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[Recipe] Pinaksiwan or Paksiw na Banak (Mullet cooked with ginger and vinegar)

Pinaksiwan na isda (paksiw na banak)

Paksiw or pinaksiwan as it is called in Ilonggo is a generic term for cooking in vinegar. When cooking paksiw na isda (fish) the recipe usually calls for ginger and banana chili peppers as additional ingredients to minimize the lansa of the dish (fishy smell). In my version of this traditional Filipino dish, I have also added ground dried oregano to similarly help in controlling the fishy smell, as well as batuan and dried kamias (bilimbi) to introduce 2 other souring agents into the dish so that the sourness doesn't just come from the vinegar. I also like using either coconut-sap vinegar or red cane vinegar when cooking paksiw. The star anise is added primarily for the aroma it imparts.

The dish is intentionally strong flavored so it is best eaten with plain steamed rice. I personally like to spoon the reduced broth on top of the rice to impart that intense salty and sour flavor. If you want the fish to have an even more intense flavor, you can reduce the liquid until it almost dried out. This method of cooking usually uses banana leaves to wrap the fish (usually small fishes inside pouches made of banana leaf) and it is called pinamalhan in Ilonggo (which directly translates "to dry out").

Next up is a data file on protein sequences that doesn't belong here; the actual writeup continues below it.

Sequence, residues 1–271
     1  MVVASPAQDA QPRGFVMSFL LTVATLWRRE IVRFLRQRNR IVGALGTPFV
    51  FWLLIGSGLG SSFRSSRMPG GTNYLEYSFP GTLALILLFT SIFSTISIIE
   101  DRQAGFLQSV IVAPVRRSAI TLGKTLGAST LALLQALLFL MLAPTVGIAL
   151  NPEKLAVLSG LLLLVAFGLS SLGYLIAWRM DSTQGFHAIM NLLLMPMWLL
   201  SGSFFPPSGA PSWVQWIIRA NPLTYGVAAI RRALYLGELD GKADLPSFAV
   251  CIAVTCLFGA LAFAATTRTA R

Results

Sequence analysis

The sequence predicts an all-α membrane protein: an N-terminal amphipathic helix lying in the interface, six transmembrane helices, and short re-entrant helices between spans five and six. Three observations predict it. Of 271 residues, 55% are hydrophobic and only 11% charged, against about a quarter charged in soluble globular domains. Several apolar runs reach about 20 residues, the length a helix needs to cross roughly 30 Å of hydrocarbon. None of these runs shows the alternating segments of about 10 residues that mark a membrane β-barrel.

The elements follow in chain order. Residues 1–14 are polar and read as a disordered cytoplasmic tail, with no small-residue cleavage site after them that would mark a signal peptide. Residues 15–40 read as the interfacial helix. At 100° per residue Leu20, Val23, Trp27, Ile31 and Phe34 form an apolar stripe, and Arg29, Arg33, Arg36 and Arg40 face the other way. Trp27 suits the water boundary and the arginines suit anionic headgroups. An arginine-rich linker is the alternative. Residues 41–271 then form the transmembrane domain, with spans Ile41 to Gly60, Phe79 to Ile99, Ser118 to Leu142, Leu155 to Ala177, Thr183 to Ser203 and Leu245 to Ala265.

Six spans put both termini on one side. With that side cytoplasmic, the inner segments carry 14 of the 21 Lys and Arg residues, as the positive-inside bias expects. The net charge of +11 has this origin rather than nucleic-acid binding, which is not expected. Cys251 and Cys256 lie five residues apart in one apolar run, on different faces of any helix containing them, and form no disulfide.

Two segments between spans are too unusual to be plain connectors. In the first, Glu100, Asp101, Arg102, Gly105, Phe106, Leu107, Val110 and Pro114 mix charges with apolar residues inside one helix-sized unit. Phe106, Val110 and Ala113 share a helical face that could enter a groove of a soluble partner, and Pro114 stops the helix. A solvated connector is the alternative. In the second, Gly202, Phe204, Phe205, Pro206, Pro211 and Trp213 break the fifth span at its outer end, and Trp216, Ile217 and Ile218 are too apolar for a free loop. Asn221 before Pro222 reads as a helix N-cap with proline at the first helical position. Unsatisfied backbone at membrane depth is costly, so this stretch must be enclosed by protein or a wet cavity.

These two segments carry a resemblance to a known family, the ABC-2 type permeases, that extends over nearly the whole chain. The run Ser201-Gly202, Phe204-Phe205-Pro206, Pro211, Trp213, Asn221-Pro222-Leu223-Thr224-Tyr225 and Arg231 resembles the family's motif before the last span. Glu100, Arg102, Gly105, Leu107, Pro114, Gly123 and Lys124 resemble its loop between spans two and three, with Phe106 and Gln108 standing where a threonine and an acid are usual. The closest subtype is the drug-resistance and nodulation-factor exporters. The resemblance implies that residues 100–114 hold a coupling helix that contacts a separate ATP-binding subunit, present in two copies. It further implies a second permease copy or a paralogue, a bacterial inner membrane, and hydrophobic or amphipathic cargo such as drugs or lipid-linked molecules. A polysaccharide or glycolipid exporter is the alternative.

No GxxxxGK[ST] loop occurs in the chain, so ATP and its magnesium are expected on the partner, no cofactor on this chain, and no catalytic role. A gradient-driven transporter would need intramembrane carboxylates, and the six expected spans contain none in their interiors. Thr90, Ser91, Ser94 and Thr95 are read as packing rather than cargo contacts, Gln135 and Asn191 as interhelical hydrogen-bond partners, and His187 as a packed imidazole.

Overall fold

Paksiw na banak

1 Kg Banak fish (mullet), cleaned
1 cup red cane vinegar or coconut-sap vinegar
1 medium-sized ginger (2 matchbox size will be sufficient), peeled and sliced thinly
1 medium sized onion, roughly chopped
1 eggplant, cut into 2-inch lengths and sliced into quarters lengthwise
1 pc. banana chili pepper, keep it whole
6 pcs batuan
100 grams of dried kamias
1/3 cup sea salt
2 teaspoons ground dried oregano
2 teaspoons freshly ground pepper
2 fish broth cubes (or equivalent fish stock)
3 pcs star anise
1 Tablespoon vegetable oil

Salt the fish thoroughly and set aside. In a pot, arrange the fish neatly in the bottom of the pan. Add the vinegar, oil, and enough fish stock to just barely cover the fish. Add the rest of the ingredients on top of the fish. Gently simmer on low heat for about 30 minutes with the pot covered. Remove the cover and let the liquid reduce. Crush the batuan in the pot to extract the most flavor. 

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